Chain of Thought

Hard to Kill Corrugated

The corrugated box is like a vampire to some in the material handling world. They complain it’s not only hard to kill but it drains your lifeblood. And while use of corrugated packaging has been on the decline in the developed world, developing countries are more than willing to stick their necks out to contribute to corrugated’s immortality.

According to the latest research from the Freedonia Group, world demand for corrugated boxes is forecast to increase 4.2 percent per year to 234 billion square meters in 2017. This actually speaks well for world economies, as it indicatesgrowth in industrial activities, particularly in the manufacturing sector. And corrugated converters keep making their products more attractive to customers, owing to developments in small flute and high-quality graphic board. This not only makes traditional corrugated users want to stay with this medium, but it’s helping corrugated gain ground in markets traditionally served by makers of folding cartons—markets where it pays to be pretty. And if you’ve been to the grocery store lately, you know how much of the stuff is used for displays.

Nevertheless, Freedonia says gains in developed markets in the U.S., Western Europe and Japan will be kept in check by advances inreusable plastic shipping containers. These gains by reusables aren’t only for environmental reasons. In fact, the Freedonia study notes that corrugated boxes are raising their green image “as they are a renewable resource that can be recycled.” Where reusables are making a strong case for themselves beyond green is among big-name converts like office furniture manufacturer Herman Miller, which last year won The Reusable Packaging Association’s (RPA) annual Excellence in Reusable Packaging Award. RPA bestows this honor on companies that have developed, supported, or implemented measurable and innovative reusable solutions in their supply chains.

Herman Miller switched from corrugated packaging to a returnable filler with crosslink foam for the shipping and handling of an office chair component. This alone would have made a nice story for the greenies in material handling, but there was plenty left over in this story for those who wanted proof that reusable packaging can be profitable. Herman Miller was recognized for:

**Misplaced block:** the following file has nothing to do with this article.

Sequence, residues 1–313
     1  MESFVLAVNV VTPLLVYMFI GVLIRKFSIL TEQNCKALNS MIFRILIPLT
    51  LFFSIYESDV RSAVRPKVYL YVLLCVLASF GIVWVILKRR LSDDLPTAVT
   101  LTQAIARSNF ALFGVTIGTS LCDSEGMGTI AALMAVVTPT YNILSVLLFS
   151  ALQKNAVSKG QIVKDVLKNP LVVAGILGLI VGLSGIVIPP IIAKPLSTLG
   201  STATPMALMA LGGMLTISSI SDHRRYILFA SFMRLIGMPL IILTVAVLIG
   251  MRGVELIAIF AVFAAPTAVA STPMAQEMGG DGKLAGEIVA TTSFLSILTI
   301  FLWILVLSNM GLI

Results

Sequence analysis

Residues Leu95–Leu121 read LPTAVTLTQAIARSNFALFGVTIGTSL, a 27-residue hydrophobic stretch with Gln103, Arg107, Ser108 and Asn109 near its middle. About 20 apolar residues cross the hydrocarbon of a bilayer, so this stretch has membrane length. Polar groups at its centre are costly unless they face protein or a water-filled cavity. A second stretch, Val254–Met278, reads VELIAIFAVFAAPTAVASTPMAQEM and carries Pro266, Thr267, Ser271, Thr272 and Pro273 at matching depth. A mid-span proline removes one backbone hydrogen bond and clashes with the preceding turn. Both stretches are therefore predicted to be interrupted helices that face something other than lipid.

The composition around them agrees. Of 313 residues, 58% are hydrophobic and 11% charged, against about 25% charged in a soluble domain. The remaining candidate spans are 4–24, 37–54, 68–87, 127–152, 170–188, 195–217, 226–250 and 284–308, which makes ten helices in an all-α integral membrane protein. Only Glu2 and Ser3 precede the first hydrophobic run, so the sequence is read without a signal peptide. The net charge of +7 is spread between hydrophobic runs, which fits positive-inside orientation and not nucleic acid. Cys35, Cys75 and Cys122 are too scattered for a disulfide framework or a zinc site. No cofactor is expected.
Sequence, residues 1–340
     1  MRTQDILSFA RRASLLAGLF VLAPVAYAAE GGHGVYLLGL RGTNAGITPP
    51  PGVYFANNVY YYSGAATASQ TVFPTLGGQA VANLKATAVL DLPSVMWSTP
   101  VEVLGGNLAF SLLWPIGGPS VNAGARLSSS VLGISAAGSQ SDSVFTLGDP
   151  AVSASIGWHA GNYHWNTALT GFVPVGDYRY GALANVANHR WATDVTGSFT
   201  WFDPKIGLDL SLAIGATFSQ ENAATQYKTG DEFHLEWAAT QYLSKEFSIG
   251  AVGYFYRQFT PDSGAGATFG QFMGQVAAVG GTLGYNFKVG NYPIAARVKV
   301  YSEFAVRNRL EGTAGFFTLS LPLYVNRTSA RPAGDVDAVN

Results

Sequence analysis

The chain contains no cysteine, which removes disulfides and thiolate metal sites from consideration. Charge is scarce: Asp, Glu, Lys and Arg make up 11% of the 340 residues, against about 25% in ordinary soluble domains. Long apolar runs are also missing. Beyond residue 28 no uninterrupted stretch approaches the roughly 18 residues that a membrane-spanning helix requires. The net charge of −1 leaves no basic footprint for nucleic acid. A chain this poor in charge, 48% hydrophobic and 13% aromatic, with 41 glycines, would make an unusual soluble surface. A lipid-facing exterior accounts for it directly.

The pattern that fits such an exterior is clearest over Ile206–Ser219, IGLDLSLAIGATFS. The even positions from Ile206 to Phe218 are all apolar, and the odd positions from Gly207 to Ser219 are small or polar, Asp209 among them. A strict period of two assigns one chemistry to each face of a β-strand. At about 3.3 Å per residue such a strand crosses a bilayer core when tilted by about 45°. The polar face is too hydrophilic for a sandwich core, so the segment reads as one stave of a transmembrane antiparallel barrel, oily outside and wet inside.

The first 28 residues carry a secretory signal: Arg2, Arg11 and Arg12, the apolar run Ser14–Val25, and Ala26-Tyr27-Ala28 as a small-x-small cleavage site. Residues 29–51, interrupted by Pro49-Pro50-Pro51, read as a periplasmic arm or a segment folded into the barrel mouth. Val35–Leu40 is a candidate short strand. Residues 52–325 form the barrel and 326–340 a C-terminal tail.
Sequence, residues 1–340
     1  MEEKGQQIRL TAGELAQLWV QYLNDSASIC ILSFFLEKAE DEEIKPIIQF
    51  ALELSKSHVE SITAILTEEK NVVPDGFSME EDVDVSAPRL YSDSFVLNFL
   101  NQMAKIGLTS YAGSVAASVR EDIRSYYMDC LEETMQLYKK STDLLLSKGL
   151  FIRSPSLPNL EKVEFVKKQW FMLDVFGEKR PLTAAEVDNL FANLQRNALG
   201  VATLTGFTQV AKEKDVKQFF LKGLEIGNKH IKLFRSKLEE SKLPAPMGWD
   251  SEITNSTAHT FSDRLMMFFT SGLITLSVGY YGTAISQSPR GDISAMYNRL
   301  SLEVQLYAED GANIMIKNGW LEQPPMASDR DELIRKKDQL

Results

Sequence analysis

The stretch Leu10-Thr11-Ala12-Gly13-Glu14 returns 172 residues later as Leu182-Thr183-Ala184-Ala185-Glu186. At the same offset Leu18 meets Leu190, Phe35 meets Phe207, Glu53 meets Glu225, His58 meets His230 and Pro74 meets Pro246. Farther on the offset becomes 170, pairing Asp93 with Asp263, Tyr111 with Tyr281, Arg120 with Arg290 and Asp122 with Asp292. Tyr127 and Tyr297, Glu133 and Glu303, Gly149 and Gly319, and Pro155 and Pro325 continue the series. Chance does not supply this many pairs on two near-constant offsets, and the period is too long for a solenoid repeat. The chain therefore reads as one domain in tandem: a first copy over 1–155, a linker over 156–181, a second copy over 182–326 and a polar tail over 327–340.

• Saving 63 minutes per day in handling parts (equating to 266 hours a year);

• Using 4,300 fewer boxes, saving 24,645 pounds of corrugated per year;

• Achieving a combined material and labor saving of $46,000;

• Eliminating the need for two warehouse skid locations;

• Eliminating movement of heavy boxes from skid to roller conveyor by a material handler, and eliminating need to cut them open with a knife; and

• Eliminating handling of boxes by the part supplier.

RPA is now welcoming entries for this year’s competition. If you’ve found a way to dispense with expendable packaging without burying it somewhere else in your supply chain, now’s your chance to be recognized for it. RPA is accepting entries in its second annual Excellence in Reusable Packaging Award program until August 21st.  The winning company will be publically announced at a press conference during PACK EXPO Las Vegas 2013, and will be in the spotlight at RPA's Networking Event at the show. Submission forms are available at the RPA website.

And to those of you who are committed to corrugated, MH&L welcomes accounts of how you keep that packaging green, pretty and profitable.

 

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